My (CV) research studies (see list of my publications) different incarnations of Machine Learning (ML), and various applications of those. My interests are found in theoretical, algorithmical and application-oriented aspects of the question: 'What makes an ML algorithm potent for given case?' It is fair to say that ML (or data-based techniques) are evolving parallel to the ever-increasing availability of computational power. But while the availability of fast hardware is mostly regulating the latter, the limits of the former are often dictated by the availability of proper algorithms. Properly designed algorithms are (1) theoretically sound, (2) in-tune with its intended application aim, and (3) computationally attractive. These topics are invariantly present underlying trending topics as neural networks, kernel machines, compressed sensing, deep learning, business analytics and Big Data.

Theoretical Work

Modern, general principles for learning schemes to work have emerged from results in statistics, function approximation and information-theory. My interests circle mostly around the following topics:
- Generalisation: prediction vs. recovery (Engineering vs. scientism).
- Regularisation techniques (On the subjectivity of simplicity).
- Dynamical systems (The arrow of time, a.k.a. the control engineer in me.).
- Online learning and regret (How to act optimal over time?).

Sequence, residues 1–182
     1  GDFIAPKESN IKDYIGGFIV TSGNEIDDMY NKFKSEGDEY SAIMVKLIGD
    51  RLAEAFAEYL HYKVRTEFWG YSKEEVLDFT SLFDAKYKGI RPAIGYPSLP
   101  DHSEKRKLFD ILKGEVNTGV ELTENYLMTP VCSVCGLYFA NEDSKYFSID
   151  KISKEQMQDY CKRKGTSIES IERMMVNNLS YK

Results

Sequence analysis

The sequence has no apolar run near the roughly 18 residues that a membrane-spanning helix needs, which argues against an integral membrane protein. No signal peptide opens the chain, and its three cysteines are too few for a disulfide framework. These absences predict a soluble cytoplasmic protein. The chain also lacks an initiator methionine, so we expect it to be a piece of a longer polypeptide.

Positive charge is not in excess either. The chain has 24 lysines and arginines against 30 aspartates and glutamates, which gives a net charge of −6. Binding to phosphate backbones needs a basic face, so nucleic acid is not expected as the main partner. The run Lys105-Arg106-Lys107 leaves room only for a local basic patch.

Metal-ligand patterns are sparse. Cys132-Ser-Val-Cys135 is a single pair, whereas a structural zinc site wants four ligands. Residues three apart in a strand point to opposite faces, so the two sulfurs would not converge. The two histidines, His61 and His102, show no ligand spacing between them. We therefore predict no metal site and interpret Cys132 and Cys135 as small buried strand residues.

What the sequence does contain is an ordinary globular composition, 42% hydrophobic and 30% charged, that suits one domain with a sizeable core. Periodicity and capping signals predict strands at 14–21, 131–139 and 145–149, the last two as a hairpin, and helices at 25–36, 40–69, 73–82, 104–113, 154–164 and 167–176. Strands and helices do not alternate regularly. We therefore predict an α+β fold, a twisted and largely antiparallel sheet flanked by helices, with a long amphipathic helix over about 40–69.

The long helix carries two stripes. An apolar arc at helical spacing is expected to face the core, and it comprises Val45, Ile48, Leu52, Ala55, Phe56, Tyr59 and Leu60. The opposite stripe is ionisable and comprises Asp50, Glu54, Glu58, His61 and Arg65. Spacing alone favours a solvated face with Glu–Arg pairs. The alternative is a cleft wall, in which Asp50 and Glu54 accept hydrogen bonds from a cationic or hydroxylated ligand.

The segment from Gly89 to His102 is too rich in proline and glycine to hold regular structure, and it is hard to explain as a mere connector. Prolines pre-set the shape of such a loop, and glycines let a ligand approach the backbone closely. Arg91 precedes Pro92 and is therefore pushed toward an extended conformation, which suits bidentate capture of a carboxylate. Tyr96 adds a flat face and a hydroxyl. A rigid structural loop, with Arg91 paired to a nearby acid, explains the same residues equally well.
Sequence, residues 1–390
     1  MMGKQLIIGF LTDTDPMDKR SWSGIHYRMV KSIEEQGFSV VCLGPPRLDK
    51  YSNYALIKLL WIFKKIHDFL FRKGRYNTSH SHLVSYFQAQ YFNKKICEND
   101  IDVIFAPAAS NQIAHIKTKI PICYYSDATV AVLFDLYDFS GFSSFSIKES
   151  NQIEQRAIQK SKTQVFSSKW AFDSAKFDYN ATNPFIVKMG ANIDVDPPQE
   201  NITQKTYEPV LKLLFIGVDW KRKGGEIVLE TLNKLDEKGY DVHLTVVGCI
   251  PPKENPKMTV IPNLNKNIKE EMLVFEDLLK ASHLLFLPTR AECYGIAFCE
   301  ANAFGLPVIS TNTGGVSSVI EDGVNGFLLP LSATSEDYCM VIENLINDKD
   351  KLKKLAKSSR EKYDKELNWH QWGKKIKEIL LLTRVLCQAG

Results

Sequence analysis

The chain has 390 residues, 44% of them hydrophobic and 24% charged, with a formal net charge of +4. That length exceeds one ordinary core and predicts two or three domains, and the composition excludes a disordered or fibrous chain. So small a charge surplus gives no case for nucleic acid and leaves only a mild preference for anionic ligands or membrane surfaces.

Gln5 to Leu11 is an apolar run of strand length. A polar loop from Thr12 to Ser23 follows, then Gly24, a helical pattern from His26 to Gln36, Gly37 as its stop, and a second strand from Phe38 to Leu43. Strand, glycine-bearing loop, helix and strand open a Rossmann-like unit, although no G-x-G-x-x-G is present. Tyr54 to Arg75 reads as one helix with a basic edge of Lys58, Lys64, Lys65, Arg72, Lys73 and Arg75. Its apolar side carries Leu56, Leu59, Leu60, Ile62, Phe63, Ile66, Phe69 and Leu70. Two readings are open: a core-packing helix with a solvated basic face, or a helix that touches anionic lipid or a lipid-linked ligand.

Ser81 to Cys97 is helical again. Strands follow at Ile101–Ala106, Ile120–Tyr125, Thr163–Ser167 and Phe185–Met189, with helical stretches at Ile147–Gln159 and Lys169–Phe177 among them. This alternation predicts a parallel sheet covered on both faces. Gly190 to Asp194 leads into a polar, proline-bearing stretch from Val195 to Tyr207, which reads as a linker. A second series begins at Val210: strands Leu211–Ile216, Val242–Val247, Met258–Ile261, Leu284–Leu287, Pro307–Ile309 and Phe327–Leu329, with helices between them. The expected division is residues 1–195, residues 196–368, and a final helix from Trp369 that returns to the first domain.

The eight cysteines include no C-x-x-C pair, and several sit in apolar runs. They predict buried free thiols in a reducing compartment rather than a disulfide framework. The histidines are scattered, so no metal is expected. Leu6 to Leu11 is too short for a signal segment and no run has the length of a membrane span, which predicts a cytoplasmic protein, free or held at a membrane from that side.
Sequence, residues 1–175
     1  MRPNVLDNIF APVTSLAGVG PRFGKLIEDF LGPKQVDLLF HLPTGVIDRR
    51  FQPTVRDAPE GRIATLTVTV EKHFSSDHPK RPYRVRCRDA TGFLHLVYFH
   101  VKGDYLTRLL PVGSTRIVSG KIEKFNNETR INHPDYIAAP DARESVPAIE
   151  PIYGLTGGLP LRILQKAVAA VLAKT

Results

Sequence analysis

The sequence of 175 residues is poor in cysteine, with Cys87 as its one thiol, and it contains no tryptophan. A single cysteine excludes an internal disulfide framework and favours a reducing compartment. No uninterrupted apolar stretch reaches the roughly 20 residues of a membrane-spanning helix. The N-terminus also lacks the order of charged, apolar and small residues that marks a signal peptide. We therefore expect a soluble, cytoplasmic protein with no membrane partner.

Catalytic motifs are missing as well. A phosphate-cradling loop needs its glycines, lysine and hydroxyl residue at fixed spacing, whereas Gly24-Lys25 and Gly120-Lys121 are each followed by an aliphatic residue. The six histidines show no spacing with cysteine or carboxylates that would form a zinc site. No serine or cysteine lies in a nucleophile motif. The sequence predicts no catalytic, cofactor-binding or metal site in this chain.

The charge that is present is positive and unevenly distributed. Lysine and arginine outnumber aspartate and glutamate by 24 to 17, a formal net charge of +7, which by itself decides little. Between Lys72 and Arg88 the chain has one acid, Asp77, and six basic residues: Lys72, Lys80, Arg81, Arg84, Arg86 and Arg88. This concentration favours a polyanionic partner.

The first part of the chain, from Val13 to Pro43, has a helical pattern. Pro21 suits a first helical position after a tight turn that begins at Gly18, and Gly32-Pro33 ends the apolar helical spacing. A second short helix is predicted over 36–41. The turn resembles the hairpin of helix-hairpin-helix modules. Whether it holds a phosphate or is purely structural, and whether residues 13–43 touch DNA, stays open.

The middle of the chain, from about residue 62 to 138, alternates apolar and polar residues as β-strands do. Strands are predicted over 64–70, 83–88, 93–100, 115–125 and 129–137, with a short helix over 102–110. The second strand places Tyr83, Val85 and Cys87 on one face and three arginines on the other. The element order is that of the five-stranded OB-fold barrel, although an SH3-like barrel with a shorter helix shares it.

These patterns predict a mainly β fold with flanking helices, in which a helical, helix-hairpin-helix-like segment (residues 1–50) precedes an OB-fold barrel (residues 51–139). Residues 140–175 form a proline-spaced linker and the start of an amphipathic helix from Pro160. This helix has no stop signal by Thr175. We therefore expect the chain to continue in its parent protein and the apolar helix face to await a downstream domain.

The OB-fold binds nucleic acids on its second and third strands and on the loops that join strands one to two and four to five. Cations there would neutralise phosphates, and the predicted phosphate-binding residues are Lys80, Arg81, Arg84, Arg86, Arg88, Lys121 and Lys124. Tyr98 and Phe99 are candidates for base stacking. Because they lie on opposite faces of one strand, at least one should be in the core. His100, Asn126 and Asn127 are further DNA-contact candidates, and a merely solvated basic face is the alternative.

- Learning in the presence of high-dimensions (Complexity in action: what is possible?).
- Inference (the question of 'significant'?).

Application-Oriented Work

These generic principles need to be fine-tuned towards the application at hand. I have done this interfacing in a wide variety of application sciences. For full details work towards either, see my
publication list.

- System Identification.
- Statistical inference in neuroimaging.
- Social behavior in biology.
- Survival and failure-time analysis.
- Bio-informatics.
- Acoustic signal processing.
- Electro-microscopy in physics.
- Cosmology.
- Wireless Sensor Networks
- Room temperature control.
- Video compression.
- Design of recommender systems.

Computational Requirements

My general strategy here is mostly to formulate ('interface') the devised learning algorithms to standard schemes (tools) of optimisation. Especially, I have been advocating methods of convex optimization for this aim. Research on methods of convex optimization has been prolific the last 20 years or so, with many results paralleling algorithmical research in ML, as well as a resulting availability of highly tuned (software) toolboxes (see e.g.
cvx, cvxopt, yalmip). By doing so, I follow the adagium saying that 'the presence of local minima is emblematic of an ill-posed problem formulation'. Convex optimization provides a rigorous framework for a class of optimisation problems where no such local minima are present. Since those algorithms come with rigorous guarantees, also the formulated ML schemes can be analysed rigorously. Other ways to study computational issues are found in theoretical computer science, numerical algebra and in discrete optimization techniques.


Through education, I have been working to get those results across to new researchers. On an undergrad level, I have been running the System Identification course in UU for 6 years. I have been running a grad courses in a variety of topics, having a focus on applicability based on a selection of experts in the area. Here, topics included 'Nonlinear System Identification and its applications' (2011), 'Next Generation Bioinformatics Tools: From Data Generation to Data Analysis' (2012), 'Compressive Sensing and Structured Random Matrices' (2012), 'Fundamentals of Machine Learning' (2015).